Thaicom 4. Credit: Space Systems/Loral

PARIS — Satellite fleet operator Thaicom of Thailand on Feb. 22 reported a 1.7 percent decline in revenue for 2009 compared with 2008 as a sharp drop in sales of Ipstar broadband satellite terminals offset increased Ipstar service revenue and a slight uptick in conventional satellite revenue.

Bangkok-based Thaicom said it expected to begin Ipstar service in India and Taiwan this year following the receipt of long-sought operating licenses, completing Ipstar’s intended 14-nation coverage area. The company did not specify what obstacles remain to getting landing rights in these nations. Thaicom said in mid-2009 that it had sold several thousand Ipstar terminals in India in preparation for services to start later that year.

Thaicom divides its satellite business into two segments: conventional satellite services from the Thaicom satellites, and Ipstar-related user-terminal and service revenue. The combined revenue from both segments in 2009 was 4.506 billion Thai baht, or $134.7 million at year-end exchange rates.

With new broadcasters signing up for Thaicom capacity, the conventional satellite business in 2009 grew 1.6 percent, to 2.34 billion baht. Thaicom retired the Thaicom 1A satellite in late 2009 and said some of the customers on that satellite transferred to Vietnam’s Vinasat spacecraft.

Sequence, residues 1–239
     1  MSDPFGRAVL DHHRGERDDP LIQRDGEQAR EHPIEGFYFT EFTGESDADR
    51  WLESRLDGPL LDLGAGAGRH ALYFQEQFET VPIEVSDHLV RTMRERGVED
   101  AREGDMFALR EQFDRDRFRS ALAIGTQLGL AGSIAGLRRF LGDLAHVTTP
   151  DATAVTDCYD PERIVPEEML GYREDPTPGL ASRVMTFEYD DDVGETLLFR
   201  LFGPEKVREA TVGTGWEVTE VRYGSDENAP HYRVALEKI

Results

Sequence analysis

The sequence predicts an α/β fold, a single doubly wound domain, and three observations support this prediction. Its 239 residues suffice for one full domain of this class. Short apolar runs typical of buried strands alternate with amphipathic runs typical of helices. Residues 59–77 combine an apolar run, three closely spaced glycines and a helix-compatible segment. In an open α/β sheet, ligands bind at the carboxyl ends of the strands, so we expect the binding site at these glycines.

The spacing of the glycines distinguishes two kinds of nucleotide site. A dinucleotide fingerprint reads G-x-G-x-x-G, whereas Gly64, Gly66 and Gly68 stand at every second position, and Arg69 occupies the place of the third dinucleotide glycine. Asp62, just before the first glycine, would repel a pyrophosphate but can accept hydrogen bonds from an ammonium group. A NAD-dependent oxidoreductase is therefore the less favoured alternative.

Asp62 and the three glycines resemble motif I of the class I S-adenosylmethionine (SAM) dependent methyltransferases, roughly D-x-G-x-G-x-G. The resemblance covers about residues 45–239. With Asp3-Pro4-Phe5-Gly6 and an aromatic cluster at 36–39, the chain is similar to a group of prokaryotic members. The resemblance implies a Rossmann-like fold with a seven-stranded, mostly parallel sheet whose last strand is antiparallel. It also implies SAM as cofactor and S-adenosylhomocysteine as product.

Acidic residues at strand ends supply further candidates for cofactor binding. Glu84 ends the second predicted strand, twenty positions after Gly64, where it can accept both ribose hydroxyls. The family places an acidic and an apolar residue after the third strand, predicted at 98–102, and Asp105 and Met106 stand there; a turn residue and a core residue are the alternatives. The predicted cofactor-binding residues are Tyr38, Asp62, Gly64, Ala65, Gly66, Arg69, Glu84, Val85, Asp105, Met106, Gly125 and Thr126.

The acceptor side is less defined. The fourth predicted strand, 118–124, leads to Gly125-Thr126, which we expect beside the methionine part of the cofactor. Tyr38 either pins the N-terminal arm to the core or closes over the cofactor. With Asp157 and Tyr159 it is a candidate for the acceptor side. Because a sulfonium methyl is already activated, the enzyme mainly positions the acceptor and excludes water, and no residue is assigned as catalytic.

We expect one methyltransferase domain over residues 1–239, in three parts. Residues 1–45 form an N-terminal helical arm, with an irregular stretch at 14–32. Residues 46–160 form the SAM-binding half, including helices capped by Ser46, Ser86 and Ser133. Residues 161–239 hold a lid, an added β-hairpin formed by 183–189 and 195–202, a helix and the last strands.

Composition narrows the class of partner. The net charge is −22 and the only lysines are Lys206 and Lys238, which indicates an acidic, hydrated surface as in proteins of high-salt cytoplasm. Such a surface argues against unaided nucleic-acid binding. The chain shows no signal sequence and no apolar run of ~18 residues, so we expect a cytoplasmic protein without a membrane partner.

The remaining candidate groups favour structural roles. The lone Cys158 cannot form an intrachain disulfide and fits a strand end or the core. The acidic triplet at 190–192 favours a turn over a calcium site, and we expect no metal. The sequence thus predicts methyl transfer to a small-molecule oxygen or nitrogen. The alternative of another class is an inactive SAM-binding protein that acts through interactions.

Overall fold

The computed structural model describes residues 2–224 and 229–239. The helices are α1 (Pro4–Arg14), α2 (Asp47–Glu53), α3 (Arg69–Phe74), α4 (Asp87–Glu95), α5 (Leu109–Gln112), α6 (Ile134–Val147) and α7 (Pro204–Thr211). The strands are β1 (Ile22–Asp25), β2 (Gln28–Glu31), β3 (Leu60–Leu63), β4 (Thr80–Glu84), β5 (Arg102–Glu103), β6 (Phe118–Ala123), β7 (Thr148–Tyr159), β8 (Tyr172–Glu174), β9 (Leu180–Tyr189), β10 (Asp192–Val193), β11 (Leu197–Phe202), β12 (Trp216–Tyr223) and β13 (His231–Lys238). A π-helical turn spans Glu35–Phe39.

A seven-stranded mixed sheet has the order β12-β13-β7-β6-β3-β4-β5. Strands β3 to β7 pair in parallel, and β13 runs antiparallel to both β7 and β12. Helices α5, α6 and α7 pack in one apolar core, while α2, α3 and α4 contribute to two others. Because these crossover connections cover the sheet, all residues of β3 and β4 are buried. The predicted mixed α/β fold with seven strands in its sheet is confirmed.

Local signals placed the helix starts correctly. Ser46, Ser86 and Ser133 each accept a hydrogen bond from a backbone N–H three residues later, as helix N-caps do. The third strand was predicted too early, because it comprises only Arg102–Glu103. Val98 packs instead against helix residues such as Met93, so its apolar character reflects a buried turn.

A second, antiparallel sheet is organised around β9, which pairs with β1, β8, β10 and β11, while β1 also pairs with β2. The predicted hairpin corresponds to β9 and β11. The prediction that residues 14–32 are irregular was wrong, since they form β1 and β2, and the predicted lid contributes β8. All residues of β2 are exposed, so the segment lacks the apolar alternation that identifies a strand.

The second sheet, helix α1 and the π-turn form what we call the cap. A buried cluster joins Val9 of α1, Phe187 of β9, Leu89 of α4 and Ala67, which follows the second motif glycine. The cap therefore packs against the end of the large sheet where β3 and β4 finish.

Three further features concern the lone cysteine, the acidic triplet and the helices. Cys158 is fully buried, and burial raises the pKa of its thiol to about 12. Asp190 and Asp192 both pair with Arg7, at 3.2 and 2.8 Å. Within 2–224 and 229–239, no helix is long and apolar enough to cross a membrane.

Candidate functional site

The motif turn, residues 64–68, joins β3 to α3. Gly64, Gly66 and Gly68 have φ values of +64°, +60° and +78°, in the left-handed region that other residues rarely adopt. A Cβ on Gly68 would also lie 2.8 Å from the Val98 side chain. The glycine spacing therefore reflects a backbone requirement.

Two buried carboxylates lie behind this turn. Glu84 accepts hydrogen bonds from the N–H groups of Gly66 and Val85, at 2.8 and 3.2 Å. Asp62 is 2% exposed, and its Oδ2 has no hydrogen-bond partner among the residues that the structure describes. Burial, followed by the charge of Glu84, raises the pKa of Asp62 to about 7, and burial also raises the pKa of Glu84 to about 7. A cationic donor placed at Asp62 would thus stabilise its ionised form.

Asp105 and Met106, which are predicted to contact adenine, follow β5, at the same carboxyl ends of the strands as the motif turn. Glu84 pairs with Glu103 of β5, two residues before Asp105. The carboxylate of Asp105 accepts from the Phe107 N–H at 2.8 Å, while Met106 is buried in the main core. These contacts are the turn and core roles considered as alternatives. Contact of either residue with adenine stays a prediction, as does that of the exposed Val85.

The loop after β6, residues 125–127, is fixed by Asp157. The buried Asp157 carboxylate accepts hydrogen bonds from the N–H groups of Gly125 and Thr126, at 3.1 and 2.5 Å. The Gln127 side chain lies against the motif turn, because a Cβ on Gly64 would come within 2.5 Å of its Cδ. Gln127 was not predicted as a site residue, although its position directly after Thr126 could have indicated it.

With the retirement of Thaicom 1A, Thaicom operates the Thaicom 2 and Thaicom 5 satellites.

The Ipstar services are provided via a dedicated Thaicom satellite dubbed Thaicom 4 or Ipstar.

Thaicom had entered the bidding to purchase the ProtoStar-1 satellite owned by the former ProtoStar Ltd. in a mid-2009 auction that was won by Intelsat of Washington and Bermuda. The Thaicom 2 satellite, launched in 1994 with a 15-year contractual service life, is nearing retirement as well.

The Ipstar consumer broadband satellite picture was mixed in 2009, Thaicom said. Sales of Ipstar user terminals fell by 28 percent, to 986 million baht. Thaicom said its Ipstar business model was gradually moving away from terminal sales to concentrate on the sale of bandwidth. In 2009, Ipstar service revenue rose by 29.7 percent, to 1.18 billion baht. Helped by government subsidies to encourage broadband access in rural areas, the company saw increased revenue from Australia, New Zealand, Indonesia, Cambodia, Malaysia and China.


Peter B. de Selding was the Paris bureau chief for SpaceNews.